Retention allowance payments slow for some NETs

PUBLISHED : Saturday, 08 July, 2006, 12:00am
UPDATED : Saturday, 08 July, 2006, 12:00am

Difficult principals or red tape at schools have delayed the incentives to about 5pc of eligible teachers

Some native English-speaking teachers have not received new retention allowances to which they are entitled because of processing problems in schools, NETs have claimed.

The payments were introduced in November last year in a package to address a recruitment crisis in the NET scheme. NETs with at least three years of service get 5 per cent of salary and it is 10 per cent for those with five years or more of service.

Under an Education and Manpower Bureau scheme, NETs receive the cash in 12 monthly payments over the year leading up to the date they become eligible. Payments for this year are back-dated to August last year and the application process began in March.

According to the Native English-speaking Teachers' Association, applications from about 400 NETs had been agreed by the EMB by early May, but about 8 per cent of those eligible were still waiting to have their cases processed.

Perry Bayer, spokesman for its special allowance and gratuity committee, said that for about 5 per cent of eligible NETs it was because 'principals may have been difficult' or there had been red tape in schools.

'We have had a minority of principals who have been misunderstanding the EMB's intention and have been trying to unilaterally raise the bar for NETs getting the incentive payment,' he said. 'We have heard that some principals are trying to impose extra appraisals as a prerequisite for getting the retention incentive. And we have heard of a principal trying to get NETs to do an extra job, like setting up an English corner, for getting it.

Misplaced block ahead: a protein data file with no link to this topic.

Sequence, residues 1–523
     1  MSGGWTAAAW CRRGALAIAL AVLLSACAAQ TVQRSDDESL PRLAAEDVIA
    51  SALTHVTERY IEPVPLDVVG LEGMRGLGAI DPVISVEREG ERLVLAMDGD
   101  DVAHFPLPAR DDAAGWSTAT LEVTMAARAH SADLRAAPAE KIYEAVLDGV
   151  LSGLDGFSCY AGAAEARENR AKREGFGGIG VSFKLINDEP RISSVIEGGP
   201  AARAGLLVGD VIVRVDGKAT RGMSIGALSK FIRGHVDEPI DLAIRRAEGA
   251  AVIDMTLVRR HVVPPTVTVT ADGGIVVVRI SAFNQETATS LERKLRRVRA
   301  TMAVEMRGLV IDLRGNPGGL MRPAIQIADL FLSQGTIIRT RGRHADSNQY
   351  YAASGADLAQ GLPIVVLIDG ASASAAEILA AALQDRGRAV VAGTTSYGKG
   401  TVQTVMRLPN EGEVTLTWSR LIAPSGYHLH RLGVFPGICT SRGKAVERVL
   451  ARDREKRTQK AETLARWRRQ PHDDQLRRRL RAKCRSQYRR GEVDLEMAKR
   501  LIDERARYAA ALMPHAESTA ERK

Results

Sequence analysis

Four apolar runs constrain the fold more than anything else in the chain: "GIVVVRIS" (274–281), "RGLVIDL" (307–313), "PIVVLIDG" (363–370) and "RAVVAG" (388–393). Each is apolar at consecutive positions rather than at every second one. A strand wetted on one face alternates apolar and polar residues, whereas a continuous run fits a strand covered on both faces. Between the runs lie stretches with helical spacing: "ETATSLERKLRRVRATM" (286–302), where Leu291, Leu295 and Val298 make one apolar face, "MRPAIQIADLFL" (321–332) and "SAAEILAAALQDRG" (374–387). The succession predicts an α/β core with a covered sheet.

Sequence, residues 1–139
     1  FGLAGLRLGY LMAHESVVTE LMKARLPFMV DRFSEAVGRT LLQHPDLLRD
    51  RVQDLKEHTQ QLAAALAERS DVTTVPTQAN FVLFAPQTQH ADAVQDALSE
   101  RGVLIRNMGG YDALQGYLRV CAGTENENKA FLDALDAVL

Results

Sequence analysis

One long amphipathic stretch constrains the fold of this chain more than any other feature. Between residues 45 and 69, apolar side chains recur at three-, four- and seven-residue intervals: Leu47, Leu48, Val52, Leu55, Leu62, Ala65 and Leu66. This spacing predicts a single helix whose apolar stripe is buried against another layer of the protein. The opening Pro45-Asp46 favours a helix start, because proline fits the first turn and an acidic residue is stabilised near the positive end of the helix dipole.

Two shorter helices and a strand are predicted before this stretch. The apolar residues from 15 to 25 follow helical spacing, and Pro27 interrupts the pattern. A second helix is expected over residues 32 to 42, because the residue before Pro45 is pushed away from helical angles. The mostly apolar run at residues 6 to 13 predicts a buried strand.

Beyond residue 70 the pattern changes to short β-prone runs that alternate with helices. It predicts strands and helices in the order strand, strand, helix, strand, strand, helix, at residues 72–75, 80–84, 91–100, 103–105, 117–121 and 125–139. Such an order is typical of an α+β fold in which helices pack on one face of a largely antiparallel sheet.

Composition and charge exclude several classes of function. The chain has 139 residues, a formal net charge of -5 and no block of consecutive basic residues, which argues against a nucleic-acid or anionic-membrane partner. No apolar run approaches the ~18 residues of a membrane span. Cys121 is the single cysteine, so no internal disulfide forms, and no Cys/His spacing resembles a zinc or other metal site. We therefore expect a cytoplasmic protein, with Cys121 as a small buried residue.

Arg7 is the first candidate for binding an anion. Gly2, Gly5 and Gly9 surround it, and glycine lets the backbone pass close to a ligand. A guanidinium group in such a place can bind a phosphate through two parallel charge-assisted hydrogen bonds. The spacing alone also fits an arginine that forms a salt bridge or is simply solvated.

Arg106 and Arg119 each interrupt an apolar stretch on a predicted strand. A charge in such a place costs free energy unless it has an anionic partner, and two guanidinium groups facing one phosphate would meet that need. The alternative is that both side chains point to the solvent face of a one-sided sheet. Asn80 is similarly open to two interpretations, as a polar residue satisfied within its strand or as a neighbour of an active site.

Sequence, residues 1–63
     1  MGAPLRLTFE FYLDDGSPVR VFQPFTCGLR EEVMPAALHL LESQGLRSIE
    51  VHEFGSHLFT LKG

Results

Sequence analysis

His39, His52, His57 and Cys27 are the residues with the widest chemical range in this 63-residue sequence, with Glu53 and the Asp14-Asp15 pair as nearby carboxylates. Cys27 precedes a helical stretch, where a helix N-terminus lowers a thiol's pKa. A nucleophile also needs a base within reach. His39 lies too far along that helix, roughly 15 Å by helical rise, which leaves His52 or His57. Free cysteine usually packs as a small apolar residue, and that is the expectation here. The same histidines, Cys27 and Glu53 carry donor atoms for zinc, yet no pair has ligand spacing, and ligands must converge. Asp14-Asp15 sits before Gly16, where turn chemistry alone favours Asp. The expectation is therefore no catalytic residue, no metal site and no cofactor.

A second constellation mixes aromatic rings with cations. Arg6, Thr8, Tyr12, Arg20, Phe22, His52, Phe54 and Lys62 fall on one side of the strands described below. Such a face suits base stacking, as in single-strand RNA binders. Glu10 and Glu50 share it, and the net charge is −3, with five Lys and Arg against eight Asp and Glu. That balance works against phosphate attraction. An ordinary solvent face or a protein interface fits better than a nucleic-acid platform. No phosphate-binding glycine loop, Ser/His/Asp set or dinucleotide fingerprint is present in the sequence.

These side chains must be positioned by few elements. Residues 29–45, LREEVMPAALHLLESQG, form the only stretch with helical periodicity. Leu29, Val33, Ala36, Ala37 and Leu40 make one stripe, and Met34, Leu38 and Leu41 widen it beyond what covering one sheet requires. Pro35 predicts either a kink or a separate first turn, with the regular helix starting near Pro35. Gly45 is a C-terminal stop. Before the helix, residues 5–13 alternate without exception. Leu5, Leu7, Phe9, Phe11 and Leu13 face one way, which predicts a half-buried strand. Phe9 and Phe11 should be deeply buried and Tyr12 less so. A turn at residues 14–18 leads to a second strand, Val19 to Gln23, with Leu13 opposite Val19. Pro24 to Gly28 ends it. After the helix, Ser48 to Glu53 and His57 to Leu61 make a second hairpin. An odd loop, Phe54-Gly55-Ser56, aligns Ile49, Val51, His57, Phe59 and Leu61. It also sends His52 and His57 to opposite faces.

'We would urge any NETs who are still having problems to get in touch with the EMB or Nesta.'

Mr Bayer said the root of the problem was an EMB circular to principals that said the payment was subject to NETs' performance. This had been clarified in a further question-and-answer document as meaning that the payment had to be given to any NET who had passed their appraisal.

'What we want them to do is remove the clause and to have a tick-box on which principals can indicate whether a NET's performance is satisfactory or not,' he said.

The package, which included setting the NETs' special allowance at $12,950 - close to its former level of $13,000 - followed a six-month campaign led by the Nesta committee for restoration of the full allowance after it was cut to $10,500 in 2004. The increase was back-dated to August last year for all NETs.

Nesta is continuing its fight for the special allowance to be back-dated to August 2004 for NETs who had their contracts renewed in 2004, after the EMB turned down the request in May. Lee Weston, who is leading the initiative, secured a meeting with the Professional Teachers' Union yesterday to discuss the NETs' demands.